Line speeds in meatpacking and poultry are federally regulated for food safety only, not worker safety. Last year, the USDA proposed to raise the cap on poultry line speeds from 140 to an almost unimaginable 175 birds a minute, even though hand and wrist injuries were already rampant in the industry. A government study of one poultry plant in March of this year found that 41 percent of the workers already exceed safe limits for hand activity, and 42 percent showed evidence of carpal tunnel syndrome.

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Whether the USDA recognizes it or not, the costs of overwork extend beyond the growing army of exhausted, shattered or broken workers. Few of the meatpackers I spoke with in Nebraska had paid sick days, so they routinely handle meat while sick with colds or with fingers infected so badly they’ve lost their nails; one organizer told me there are foods he’ll no longer eat after seeing the inside of the plants. “If it were slower, we could do the work more carefully,” one longtime Cargill worker says, “and the food would be safer to eat.”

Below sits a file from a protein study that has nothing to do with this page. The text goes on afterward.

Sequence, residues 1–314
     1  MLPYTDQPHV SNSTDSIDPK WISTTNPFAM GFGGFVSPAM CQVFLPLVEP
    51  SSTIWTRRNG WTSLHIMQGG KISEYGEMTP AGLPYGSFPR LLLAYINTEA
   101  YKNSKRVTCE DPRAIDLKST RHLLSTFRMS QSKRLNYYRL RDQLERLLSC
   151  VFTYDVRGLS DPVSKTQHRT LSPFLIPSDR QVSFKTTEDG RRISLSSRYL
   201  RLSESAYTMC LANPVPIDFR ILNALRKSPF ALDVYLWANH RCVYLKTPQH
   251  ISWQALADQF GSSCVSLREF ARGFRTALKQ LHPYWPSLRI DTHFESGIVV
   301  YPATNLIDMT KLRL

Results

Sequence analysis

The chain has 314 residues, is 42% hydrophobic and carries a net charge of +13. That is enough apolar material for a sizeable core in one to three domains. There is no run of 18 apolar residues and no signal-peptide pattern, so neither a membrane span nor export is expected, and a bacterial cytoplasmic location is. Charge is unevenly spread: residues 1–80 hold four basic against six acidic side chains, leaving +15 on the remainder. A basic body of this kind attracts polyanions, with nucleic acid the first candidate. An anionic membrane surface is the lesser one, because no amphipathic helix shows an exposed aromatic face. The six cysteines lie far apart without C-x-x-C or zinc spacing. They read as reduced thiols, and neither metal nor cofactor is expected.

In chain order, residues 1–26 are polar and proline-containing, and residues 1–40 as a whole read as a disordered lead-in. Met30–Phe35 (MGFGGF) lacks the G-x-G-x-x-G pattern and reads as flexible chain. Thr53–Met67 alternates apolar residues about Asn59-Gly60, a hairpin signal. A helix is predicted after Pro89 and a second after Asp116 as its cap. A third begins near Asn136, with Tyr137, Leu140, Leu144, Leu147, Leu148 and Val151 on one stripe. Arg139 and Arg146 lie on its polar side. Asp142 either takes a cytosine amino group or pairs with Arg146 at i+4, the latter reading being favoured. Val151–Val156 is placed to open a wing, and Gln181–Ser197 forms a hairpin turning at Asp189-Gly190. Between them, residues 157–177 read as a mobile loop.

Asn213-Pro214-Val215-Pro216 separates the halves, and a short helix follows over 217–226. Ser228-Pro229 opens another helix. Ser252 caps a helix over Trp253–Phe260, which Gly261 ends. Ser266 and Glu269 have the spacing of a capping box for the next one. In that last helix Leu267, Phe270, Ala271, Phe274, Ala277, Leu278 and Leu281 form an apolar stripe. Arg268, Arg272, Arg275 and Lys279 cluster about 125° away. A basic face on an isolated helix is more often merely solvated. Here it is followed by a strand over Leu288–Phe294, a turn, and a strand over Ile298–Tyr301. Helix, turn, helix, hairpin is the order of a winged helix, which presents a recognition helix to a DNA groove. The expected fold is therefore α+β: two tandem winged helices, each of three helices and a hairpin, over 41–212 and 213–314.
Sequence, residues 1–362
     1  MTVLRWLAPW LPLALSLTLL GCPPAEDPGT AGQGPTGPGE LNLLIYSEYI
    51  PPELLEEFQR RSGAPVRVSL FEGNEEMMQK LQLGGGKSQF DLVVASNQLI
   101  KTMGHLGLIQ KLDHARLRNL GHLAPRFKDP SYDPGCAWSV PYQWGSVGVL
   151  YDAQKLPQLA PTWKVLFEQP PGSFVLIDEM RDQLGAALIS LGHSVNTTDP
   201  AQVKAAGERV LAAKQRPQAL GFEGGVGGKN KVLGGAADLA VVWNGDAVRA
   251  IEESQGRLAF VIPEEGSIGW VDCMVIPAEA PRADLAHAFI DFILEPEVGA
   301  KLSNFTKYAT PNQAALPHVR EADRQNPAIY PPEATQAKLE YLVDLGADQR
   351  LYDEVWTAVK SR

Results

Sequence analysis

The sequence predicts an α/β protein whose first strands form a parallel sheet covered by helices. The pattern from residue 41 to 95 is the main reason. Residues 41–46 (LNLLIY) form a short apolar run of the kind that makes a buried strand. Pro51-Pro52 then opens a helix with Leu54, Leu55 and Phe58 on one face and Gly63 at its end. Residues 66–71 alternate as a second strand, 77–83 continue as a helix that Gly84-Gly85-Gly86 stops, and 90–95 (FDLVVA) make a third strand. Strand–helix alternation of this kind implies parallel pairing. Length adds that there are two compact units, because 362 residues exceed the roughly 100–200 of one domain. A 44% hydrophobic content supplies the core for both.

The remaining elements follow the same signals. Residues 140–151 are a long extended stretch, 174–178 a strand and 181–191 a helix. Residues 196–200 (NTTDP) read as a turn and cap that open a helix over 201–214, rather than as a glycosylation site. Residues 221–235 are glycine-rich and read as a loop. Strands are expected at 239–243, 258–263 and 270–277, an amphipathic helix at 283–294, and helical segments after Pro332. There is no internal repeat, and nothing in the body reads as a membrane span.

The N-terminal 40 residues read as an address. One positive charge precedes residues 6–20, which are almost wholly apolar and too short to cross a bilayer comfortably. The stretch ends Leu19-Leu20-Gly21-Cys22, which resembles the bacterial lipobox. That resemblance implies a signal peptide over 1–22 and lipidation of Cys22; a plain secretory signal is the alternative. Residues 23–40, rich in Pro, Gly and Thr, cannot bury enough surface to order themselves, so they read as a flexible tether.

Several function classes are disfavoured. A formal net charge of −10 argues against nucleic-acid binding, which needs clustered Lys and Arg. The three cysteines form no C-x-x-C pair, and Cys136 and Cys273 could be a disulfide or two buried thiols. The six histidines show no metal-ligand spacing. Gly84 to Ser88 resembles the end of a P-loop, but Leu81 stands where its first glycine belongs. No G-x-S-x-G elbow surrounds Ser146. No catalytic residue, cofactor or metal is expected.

Speedups, like those at the plant or the hospital, have produced some of the most spectacular industrial disasters in recent years. The BP oil spill in the Gulf of Mexico in 2010 was caused, in part, by intense production pressures that had entire crews working twelve-hour shifts without a single day off for weeks on end; hundreds of maintenance tasks, and a key cement inspection in the well that exploded, had been skipped to save time and money. The spill’s final effects on marine life and coastal communities may not be known for years.

The catastrophic explosion at Massey Energy’s Upper Big Branch coal mine in West Virginia in 2010 killed twenty-nine people. Inspectors found that basic safety measures, such as controlling dust, had been routinely sacrificed in a relentless focus on the production of coal; one miner had even been suspended for sounding the alarm about poor ventilation—a factor in the explosion. A 2008 Las Vegas Sun investigation into a spate of construction-worker deaths on the Strip found that multibillion-dollar projects going up at a dizzying pace, with contractors facing steep penalties for missing deadlines, had made skipping basic safety practices routine. The Walmart driver who hit comedian Tracy Morgan in June, killing his companion, was speeding, according to police, and had not slept in twenty-four hours; he’d already been working for thirteen and a half hours (of a maximum of fourteen, a new federal cap) and may have been rushing to make his final delivery rather than taking the nap he desperately needed.